I recommend you install RedHat, Ubuntu, or SuSSE Linux on VMware or on an old PC, any distro will do for now.

    Then buy the material for CompTIA Linux+ and learn all the topics practically in & out. You don't have to take the test really but you need to know how to do everything practically. Moutning/umounting filesystems, Vi editor(a must), volume management, fdisk utility, package mangement, user management, sed, awk, grep....how to deal with files & directories, the /etc/fstab file


    If you can afford official RedHat training courses, then this is a good option too.
    Goal: MBA, Jan 2021
  • JDMurrayJDMurray MSIT InfoSec, CISSP, SSCP, GSEC, EnCE, C|EH, CySA+, PenTest+, CASP+, Security+ Surf City, USAAdmin Posts: 11,665 Admin
    If you use VMware Player or Workstation, there are a number of security-oriented Linux distributions (most based on Debian/Ubuntu) that come pre-installed on a VMware VM. These include Backtrack 4 and SANS Investigative Forensic Toolkit (SIFT) Workstation. This is the easy way to get up and running with Linux quickly.
  • DevilWAHDevilWAH Member Posts: 2,997 ■■■■■■■■□□
    JDMurray wrote: »
    If you use VMware Player or Workstation, there are a number of security-oriented Linux distributions (most based on Debian/Ubuntu) that come pre-installed on a VMware VM. These include Backtrack 4 and SANS Investigative Forensic Toolkit (SIFT) Workstation. This is the easy way to get up and running with Linux quickly.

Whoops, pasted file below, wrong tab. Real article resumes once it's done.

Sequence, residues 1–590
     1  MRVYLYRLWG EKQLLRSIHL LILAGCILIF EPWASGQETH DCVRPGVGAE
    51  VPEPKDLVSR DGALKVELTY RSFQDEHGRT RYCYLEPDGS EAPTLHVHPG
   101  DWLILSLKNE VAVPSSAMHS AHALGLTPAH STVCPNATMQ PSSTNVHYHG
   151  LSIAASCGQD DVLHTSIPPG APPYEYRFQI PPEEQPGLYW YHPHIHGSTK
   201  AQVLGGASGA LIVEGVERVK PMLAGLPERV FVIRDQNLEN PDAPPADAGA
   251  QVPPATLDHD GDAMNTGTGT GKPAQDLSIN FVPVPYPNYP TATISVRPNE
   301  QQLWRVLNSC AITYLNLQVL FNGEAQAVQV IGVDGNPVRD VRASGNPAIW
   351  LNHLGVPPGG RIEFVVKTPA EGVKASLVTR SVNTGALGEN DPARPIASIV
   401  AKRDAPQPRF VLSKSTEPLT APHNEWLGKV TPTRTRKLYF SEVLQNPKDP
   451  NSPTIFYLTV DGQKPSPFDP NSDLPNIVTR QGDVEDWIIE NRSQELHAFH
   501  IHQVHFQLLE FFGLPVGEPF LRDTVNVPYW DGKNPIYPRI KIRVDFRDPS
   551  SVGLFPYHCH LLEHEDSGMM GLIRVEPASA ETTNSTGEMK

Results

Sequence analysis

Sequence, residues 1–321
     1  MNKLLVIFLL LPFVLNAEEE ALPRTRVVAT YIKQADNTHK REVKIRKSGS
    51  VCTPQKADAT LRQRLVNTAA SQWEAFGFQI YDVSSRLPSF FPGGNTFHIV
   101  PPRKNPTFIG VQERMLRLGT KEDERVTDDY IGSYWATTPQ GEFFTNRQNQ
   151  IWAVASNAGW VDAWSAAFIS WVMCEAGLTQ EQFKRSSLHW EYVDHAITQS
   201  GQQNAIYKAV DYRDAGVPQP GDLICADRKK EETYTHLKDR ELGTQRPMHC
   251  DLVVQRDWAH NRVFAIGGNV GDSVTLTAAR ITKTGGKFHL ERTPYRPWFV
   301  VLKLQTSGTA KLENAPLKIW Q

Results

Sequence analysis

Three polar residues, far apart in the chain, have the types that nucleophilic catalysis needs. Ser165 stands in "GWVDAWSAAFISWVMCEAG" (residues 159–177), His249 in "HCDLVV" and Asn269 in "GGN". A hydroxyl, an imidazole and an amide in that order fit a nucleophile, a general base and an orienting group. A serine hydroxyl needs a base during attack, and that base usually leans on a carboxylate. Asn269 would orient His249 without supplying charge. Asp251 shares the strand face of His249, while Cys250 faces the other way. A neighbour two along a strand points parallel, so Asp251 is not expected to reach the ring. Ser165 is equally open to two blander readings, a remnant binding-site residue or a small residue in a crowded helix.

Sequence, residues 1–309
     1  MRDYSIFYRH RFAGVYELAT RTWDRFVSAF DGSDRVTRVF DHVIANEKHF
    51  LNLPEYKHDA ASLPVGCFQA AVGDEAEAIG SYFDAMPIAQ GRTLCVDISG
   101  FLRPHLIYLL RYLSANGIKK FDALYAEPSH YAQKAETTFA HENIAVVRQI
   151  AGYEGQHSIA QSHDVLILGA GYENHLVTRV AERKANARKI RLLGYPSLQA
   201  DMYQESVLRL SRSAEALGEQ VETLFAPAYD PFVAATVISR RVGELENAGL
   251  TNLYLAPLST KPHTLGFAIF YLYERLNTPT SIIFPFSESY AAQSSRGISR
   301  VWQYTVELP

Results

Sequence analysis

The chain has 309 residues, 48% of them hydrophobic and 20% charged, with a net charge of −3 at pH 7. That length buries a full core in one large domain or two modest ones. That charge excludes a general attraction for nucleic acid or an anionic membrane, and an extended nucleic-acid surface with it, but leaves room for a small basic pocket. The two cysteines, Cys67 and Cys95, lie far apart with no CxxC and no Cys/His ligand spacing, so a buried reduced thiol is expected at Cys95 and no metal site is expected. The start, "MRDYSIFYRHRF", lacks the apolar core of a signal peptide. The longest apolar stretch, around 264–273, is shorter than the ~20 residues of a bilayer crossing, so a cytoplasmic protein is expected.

VMWare market place is another great place to get pre configured linux distributions, some very cleaver stuff people have put on thre and lots for free.
    • If you can't explain it simply, you don't understand it well enough. Albert Einstein
    • An arrow can only be shot by pulling it backward. So when life is dragging you back with difficulties. It means that its going to launch you into something great. So just focus and keep aiming.
  • ally_ukally_uk Member Posts: 1,146 ■■■■□□□□□□
    Get your distro of choice loaded in vmware and start with the basics of using the command line.

    First as sugggested before learn how the file system is arranged and then dwelve into the basic commands.

    CD
    MAN
    CP
    LESS / MORE
    MKDIR
    MOUNT
    LS
    LSPCI
    DF
    GREP
    Touch
    PWD
    MV
    CHOWN

    Are some of the basic commands you can use to get started or investigate further using the man or info pages.